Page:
When hundreds of thousands of Virginians had lost their jobs in the first summer of the pandemic, Glenn Youngkin, an executive of a private equity firm, had quit his.
The wealthy businessman from Northern Virginia was following political ambitions, soon taking jabs at Democratic leaders for how he believed they bungled the COVID-19 response. As health workers and elderly residents received the initial vaccines, he criticized the administration for not distributing doses faster.
“All of a sudden, one of the most important linchpins to unlocking Virginia’s future was stuck on the sidelines because we did a bad job,” he said during a February interview with Royal Examiner in Warren County. “In my world, you get fired for that. All of a sudden, everybody is now starting to recognize that if we can just get the vaccine out, it will increase everyone’s confidence to do all the things we want them to do.”
Months later, the candidate once proclaiming the vaccine as the key to fixing the economy was facing former Gov. Terry McAuliffe on the debate stage, rebuking vaccine and mask mandates and all but pledging to roll them back. Hospital systems fought the disease with policies, procedures and testing, he said — not making their employees get shots. Requiring immunization for anyone, even doctors and nurses, would only make people’s lives difficult, he said.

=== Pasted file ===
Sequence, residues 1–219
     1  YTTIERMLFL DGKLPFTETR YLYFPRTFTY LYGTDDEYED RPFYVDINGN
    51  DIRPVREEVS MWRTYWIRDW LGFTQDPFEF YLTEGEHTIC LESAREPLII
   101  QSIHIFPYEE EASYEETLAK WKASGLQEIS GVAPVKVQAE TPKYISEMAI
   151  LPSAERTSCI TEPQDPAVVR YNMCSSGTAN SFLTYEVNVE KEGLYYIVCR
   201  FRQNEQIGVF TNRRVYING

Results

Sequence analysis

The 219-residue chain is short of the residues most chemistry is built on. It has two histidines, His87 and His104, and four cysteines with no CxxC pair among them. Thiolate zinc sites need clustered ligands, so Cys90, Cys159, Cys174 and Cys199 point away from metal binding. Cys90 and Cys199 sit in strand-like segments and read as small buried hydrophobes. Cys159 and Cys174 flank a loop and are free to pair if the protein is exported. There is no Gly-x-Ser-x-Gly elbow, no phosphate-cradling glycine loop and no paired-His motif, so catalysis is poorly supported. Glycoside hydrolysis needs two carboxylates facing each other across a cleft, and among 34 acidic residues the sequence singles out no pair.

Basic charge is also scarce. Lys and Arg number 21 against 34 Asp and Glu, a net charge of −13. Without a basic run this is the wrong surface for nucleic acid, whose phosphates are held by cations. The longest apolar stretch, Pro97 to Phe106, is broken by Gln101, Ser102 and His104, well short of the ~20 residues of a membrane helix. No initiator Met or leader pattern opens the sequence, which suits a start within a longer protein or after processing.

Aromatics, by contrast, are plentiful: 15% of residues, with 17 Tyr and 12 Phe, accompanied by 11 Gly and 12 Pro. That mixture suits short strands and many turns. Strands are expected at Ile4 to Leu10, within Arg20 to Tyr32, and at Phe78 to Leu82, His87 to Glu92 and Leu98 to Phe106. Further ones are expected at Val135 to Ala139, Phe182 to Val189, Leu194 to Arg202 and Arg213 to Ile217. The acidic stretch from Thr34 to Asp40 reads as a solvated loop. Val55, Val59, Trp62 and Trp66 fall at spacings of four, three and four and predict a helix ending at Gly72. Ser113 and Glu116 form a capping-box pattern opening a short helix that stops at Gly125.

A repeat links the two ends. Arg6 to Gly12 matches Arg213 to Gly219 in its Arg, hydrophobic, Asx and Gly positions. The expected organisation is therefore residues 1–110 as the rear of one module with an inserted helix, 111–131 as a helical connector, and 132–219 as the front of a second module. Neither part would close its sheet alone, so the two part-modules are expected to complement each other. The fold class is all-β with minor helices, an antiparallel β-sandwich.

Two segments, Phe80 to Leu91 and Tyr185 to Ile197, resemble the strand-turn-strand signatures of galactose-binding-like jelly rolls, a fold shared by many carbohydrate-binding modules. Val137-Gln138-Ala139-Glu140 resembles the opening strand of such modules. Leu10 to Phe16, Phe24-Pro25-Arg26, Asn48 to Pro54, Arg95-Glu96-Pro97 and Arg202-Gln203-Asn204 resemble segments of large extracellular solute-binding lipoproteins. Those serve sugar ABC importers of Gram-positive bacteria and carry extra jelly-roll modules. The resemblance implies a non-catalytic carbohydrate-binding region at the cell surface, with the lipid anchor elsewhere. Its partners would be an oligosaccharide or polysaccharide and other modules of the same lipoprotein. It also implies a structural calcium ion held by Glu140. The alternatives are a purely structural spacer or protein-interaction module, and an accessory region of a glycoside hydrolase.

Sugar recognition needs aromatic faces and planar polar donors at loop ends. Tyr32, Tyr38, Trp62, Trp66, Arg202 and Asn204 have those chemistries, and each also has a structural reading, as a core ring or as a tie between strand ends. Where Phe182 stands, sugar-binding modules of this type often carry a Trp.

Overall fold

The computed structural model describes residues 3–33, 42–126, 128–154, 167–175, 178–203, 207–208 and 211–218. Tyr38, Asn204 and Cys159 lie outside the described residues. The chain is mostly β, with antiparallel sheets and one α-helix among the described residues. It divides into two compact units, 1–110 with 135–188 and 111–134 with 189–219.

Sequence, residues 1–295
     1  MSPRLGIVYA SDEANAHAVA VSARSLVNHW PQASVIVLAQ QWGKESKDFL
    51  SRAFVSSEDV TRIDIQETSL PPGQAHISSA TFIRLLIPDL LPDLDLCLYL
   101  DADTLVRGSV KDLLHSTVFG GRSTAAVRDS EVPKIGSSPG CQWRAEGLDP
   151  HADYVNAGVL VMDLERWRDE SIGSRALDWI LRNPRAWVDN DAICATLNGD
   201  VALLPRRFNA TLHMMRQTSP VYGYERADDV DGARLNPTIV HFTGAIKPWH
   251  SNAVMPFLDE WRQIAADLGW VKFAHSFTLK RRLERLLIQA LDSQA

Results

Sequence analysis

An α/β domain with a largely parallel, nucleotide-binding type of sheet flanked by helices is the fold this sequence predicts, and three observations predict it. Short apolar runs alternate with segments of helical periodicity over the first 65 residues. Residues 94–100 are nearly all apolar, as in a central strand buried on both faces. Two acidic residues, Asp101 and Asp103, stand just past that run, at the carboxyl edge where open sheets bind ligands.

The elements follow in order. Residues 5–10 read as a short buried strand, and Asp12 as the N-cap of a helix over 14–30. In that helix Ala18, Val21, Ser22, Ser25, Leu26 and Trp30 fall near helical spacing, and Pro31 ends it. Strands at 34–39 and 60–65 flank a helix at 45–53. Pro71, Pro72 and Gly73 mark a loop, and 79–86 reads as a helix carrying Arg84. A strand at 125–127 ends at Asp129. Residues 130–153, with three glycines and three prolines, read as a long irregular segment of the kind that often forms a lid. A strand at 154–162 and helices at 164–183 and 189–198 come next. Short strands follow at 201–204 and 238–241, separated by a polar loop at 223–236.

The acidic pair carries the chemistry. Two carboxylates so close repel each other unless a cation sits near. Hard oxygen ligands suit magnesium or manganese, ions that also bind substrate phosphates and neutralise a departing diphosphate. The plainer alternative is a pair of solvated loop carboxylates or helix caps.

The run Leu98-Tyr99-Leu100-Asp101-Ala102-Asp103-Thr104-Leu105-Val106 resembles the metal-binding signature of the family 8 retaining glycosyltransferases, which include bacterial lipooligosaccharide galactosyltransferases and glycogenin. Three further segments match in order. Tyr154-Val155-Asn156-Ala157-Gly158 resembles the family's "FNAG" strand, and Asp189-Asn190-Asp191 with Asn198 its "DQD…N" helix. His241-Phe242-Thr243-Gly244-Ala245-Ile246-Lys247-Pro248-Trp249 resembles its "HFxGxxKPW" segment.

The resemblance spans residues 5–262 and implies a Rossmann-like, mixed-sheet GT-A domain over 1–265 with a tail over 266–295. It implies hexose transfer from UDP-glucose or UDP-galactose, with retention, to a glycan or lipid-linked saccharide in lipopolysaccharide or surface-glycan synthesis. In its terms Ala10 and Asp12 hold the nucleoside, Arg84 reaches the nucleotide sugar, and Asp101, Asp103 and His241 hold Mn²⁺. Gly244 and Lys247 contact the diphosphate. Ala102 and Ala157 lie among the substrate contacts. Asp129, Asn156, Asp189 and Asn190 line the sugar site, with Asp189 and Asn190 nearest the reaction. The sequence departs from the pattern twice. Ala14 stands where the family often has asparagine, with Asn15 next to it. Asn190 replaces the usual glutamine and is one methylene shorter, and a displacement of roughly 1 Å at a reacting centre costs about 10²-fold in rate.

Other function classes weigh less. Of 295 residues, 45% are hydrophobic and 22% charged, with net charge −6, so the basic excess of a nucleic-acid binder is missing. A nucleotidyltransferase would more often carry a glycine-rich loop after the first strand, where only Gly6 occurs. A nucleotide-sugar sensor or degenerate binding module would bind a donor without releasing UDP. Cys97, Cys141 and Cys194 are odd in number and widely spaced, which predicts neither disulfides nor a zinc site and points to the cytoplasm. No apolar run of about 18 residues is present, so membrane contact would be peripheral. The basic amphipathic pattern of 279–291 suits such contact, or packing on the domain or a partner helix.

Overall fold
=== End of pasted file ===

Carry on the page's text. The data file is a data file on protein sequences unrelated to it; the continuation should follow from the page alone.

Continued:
Now in the final months under Gov. Ralph Northam, residents wait to see how Youngkin will alter Virginia’s public health campaign against the worst pandemic in U.S. history. Though the late-summer surge in infections peaked and steadily declined during the homestretch of the governor’s race, COVID-19 may resurface as an issue when the political neophyte takes office Jan. 15. Infectious disease forecasters have warned of a potential sequel to last winter’s wave, perhaps rivaling its record caseload early next year.
Almost 700,000 Virginians have had confirmed cases of the disease, with about 1,300 new infections being reported each day lately. Over 14,200 residents, 11 of whom were children, have died.
Based on previous remarks, Youngkin is likely to overturn mandates requiring vaccines for state workers and masks in schools. Though vaccinated, the Republican said other people should be free to decide whether to get inoculated.
Youngkin also said in the final debate that while he would keep vaccine requirements for measles, mumps and rubella for K-12 students, he would not support adding the coronavirus to that list, even after the shots get federal licensure.
In August, when the more aggressive delta variant caused cases to soar, particularly among children, he told a Christian Broadcasting Network reporter he would end school masking.
“In the current set of data we see today, no mask mandate,” he said.
Governors tend to have broad authority during emergencies. With that power, Northam has required state workers since September to show proof they are vaccinated or submit to weekly COVID-19 tests. State Health Commissioner Norm Oliver also signed a public health order in August forcing mask-wearing for students and teachers, drawing ire from school systems that opposed it.